Posted on 30 December 2008 by urbangardencasual.com

Growing with Rain Barrels

By Cindy Naas

I think that gardeners have a special responsibility to take care of the land we work on, and finding new ways to preserve resources is one way to care for our earth.

Using an old idea, a rain barrel, is one new way to preserve the local water supply and grow a healthier garden.

Many gardeners find that their plants thrive when watered with the collected rain water which is free of chlorine and unfluoridated.

There are several approaches to saving rain water. You can buy a large rain barrel at many retailers both online and in garden centers.

These have the advantage of being easy to use- simply take home and run a drainpipe directly into the reservoir. However, many rain barrels can be expensive, and some aren’t strongly made and so might break in a few years’ time.

There is also the option of building one’s own rain barrel. My own rain barrels are homemade. An organization I once worked for built and sold rain barrels as part of an ongoing water management program, and the homemade barrels I bought years ago are in perfect shape, ready to keep on watering my gardens for years to come.

My barrels were built from 50 gallon vinegar barrels which were destined for the landfill. We salvaged them from the company using them, retrofitted them with the valves found at Lee Valley Tools, and each barrel was then painted to blend into the garden. My sons then decorated them with paintings of flowers and hummingbirds- quite beautiful.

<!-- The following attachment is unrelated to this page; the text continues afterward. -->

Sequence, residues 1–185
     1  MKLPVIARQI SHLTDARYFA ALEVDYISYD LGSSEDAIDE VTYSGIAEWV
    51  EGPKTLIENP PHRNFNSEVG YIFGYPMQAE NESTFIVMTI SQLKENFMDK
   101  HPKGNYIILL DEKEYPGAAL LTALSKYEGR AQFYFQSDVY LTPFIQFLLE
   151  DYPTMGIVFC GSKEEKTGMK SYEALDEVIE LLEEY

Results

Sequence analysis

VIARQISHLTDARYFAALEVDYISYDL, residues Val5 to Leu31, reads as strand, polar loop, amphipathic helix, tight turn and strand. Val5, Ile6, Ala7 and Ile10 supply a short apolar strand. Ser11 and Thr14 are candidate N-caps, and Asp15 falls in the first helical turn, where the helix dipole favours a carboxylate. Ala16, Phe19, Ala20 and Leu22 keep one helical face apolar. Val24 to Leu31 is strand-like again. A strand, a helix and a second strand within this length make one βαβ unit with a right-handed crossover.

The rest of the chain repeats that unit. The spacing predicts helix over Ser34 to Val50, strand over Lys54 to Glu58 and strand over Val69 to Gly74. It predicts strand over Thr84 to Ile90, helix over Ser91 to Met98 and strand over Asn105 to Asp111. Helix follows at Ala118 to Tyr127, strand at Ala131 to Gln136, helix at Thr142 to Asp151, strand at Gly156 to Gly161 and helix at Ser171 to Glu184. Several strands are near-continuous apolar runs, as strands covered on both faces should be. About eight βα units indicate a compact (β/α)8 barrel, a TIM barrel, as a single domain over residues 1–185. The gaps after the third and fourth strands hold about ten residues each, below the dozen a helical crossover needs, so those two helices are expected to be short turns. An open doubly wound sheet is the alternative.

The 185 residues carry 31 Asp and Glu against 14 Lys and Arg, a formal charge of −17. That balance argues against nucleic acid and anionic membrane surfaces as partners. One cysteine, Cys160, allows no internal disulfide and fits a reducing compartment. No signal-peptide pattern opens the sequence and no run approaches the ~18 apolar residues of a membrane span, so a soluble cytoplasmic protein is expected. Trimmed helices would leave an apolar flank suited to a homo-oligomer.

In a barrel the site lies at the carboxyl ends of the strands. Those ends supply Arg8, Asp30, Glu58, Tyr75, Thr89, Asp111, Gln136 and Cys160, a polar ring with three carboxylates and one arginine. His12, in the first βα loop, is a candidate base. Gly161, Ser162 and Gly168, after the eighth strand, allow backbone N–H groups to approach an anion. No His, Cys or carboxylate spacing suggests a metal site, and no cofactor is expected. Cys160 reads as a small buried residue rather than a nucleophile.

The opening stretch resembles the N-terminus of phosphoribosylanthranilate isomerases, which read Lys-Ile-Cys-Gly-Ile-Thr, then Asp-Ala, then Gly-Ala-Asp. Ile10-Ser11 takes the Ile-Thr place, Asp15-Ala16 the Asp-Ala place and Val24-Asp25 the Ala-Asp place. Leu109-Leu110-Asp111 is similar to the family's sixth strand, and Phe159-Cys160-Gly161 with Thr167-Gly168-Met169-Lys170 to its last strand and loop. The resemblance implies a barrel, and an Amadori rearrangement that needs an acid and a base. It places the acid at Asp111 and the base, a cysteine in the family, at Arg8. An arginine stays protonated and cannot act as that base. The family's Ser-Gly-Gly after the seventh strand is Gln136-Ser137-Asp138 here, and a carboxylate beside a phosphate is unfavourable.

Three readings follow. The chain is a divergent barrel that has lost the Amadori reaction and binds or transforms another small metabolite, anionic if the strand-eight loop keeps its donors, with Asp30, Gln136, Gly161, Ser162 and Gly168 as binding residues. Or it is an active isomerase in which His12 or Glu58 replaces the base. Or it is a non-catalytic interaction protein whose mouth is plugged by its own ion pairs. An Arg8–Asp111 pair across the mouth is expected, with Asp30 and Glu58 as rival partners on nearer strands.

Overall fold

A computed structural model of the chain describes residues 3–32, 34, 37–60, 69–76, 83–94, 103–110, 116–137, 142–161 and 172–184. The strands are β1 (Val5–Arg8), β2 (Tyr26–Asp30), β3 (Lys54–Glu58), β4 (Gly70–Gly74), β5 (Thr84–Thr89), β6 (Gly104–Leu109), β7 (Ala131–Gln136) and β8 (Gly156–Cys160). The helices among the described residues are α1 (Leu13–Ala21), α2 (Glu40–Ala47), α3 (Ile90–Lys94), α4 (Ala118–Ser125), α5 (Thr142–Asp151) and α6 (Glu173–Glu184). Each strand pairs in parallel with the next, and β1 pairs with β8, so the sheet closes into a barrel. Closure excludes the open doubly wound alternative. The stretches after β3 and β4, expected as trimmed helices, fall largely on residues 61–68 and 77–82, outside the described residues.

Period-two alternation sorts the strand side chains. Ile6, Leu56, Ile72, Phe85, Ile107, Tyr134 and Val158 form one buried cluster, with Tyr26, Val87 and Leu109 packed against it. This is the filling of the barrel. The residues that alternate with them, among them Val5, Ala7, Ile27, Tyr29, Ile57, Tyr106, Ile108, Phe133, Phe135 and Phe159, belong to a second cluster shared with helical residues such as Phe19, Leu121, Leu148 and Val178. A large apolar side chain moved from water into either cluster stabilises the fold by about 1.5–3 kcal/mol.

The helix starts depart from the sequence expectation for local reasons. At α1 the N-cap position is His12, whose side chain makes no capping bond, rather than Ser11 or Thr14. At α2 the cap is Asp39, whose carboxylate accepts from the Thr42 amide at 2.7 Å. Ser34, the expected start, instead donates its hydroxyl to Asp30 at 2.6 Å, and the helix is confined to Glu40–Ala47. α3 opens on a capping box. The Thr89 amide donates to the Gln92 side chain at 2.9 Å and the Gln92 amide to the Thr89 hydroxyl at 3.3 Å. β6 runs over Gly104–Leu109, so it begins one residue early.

It’s fairly easy to find the fittings for building a rain barrel, and finding a suitable container for the water reservoir can be as easy as contacting a local food producer and asking for an industrial-size food-grade barrel. If you choose this route, make sure that your barrel was never used for chemicals, only for food products. The pipe which leads from your downspout to the rain barrel can be found at any big box home center such as Home Depot.

I have two barrels but could really use four. Mine are joined with a coupler so that when one barrel fills, the overflow goes directly into the second barrel. The second barrel’s overflow goes into my strawberry patch. It’s important to plan where the overflow from a barrel will go.

Make sure yours doesn’t overflow near the foundation of your home, or you could have water damage from letting water pool around the foundation.

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